U.S. will pay the price by attacking North Korea
August 25, 2017
North Korea is the third stop on the George W. Bush tour of the Axis of Evil. The other two were Iraq and Iran. The three were accused of developing nuclear weapons. It turns out now that Iraq had none. Iran did not have them but was working on it. And Korea did not have them but apparently does now.
Iraq, along with Afghanistan, was destroyed — at a cost to us of trillions and counting. Iraq's devastation spawned ISIS and much more. Syria is nearly destroyed, and we've spent hundreds of billions more with no end in sight. Now having opened a hornet's nest, terrorist attacks are a regular thing now in Europe. And a couple have happened here.
Obama made a deal with Iran to chill on the nukes. War was avoided and Iran responded by electing a moderate leader and is trying to get their economy back on track. Trump wants to blow up the deal. Saudi Arabia hates Iran because they are the wrong flavor of Muslim. The Saudis are surely talking to Trump; and Trump surely has his eyes on some Saudi cash. Stay tuned.
Trump has also indicated a willingness to blow up North Korea. In typically playground bully fashion, "Do as I say or everybody over there dies." Most Americans can't find North Korea on a map, and most Americans care nothing for the deaths of people in foreign places. Between the Philippines, North Korea in the '50s, Vietnam, the greater Middle East, and many other countries around the world, the total American-caused death count is pushing 10 million.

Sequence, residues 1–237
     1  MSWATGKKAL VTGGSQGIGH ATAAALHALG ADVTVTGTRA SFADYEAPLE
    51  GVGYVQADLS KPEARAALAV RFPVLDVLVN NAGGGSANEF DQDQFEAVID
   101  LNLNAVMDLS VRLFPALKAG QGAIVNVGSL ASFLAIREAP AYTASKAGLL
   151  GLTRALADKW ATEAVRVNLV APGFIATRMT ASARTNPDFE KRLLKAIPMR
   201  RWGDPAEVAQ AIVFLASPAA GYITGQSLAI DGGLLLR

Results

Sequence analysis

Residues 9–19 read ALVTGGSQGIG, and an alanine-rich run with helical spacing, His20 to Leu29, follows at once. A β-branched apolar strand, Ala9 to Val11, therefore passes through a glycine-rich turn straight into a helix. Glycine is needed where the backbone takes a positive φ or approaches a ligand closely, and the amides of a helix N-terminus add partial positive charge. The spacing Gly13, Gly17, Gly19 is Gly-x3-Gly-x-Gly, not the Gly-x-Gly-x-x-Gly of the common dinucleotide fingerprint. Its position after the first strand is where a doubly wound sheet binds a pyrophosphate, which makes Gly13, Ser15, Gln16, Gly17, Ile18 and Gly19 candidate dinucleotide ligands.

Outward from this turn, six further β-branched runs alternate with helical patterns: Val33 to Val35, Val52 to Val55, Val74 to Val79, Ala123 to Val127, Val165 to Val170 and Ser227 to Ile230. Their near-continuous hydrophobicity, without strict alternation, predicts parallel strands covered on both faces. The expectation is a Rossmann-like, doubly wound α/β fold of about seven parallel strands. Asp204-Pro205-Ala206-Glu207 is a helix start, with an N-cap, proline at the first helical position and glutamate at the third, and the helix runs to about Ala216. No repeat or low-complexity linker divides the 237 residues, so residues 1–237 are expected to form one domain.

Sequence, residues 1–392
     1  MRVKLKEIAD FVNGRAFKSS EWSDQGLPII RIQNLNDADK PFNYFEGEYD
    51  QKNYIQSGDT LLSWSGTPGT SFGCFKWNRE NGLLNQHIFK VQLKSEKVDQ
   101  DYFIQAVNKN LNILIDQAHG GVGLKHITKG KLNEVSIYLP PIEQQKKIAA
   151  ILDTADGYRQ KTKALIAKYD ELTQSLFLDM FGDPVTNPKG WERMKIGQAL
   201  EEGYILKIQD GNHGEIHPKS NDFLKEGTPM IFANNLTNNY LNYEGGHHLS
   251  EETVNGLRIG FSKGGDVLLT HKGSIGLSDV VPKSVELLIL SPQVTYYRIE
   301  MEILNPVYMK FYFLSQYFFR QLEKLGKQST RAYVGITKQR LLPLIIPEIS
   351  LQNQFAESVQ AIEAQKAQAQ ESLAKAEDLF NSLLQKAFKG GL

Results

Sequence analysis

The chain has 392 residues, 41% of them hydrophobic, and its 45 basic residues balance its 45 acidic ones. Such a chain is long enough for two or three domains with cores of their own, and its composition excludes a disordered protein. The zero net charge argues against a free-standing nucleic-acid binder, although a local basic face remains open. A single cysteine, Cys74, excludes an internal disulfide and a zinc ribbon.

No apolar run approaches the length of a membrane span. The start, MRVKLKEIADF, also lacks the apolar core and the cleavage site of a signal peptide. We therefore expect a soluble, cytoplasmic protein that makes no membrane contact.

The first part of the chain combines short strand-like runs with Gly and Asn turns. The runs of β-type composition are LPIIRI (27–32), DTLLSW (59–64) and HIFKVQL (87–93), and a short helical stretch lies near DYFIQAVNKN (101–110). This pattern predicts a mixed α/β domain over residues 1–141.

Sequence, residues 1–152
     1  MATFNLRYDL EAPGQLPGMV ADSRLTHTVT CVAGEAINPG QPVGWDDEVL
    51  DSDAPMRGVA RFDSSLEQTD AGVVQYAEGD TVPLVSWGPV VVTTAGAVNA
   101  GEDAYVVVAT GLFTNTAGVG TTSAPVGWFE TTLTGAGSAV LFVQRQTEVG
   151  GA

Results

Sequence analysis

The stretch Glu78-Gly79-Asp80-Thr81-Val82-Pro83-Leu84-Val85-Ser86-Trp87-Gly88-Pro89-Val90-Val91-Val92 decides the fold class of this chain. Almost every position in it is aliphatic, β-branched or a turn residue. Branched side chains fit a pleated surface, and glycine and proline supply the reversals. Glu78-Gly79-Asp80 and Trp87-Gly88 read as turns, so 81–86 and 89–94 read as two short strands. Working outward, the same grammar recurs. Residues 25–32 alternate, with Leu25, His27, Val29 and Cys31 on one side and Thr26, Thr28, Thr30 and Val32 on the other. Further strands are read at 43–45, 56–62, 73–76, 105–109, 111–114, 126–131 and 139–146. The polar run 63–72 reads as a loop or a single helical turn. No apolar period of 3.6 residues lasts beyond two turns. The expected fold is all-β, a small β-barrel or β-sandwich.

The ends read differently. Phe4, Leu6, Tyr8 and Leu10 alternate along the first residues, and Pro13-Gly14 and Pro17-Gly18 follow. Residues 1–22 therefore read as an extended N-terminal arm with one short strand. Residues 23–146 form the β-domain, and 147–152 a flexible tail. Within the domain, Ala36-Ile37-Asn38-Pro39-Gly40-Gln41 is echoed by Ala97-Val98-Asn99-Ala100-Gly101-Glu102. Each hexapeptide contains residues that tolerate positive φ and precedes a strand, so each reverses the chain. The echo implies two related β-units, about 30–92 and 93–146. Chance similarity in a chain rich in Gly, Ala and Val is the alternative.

If nukes are used in Korea, Americans actually will pay a price. The jet stream flows from west to east. The radiation fallout will come to the States. Over time there will be a cancer here and a cancer there. It remains to be seen what the economic fallout could be with East Asia.
People don't connect the trillions spent on wars with the changes in life here. People don't see the declining education (with swelling student debt), rising federal debt and annual deficits, the undermining of our environmental protection, aging water systems (Flint, Michigan), and crumbling highways and bridges as fallout from war spending. President Eisenhower spelled this out in his 1953 "Cross of Iron" speech and his 1961 farewell address coining the term "military-industrial complex."
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And so who really runs this country?
If you look back at all the bloody conflicts I listed, you won't find the newspapers of the day full of letters demanding we start wars. Nor will you see coverage of protesters in front of the White House screaming for an invasion of Iraq, not at least until after the propaganda blitz. Here we are, eyeball to eyeball with North Korea; so what has the Congress of the United States had to say? As usual: nothing. The president sits (occasionally) in a White House full of generals. So what should we expect? Whose "industrial complex" was that again?
In watching an interview with Noam Chomsky, I learned that North Korea had volunteered to stop their nuclear work in 2015. Obama turned them down flat. Of course, they wanted the U.S. military to stop harassing and threatening them. Unacceptable! Such deals had been made with North Korea in the past, and then broken by the likes of George W. Bush.
In the words of Aspen's favorite former Secretary of State Madeline Albright to Colin Powell: "What's the point of having this superb military that you're always talking about if we can't use it?"
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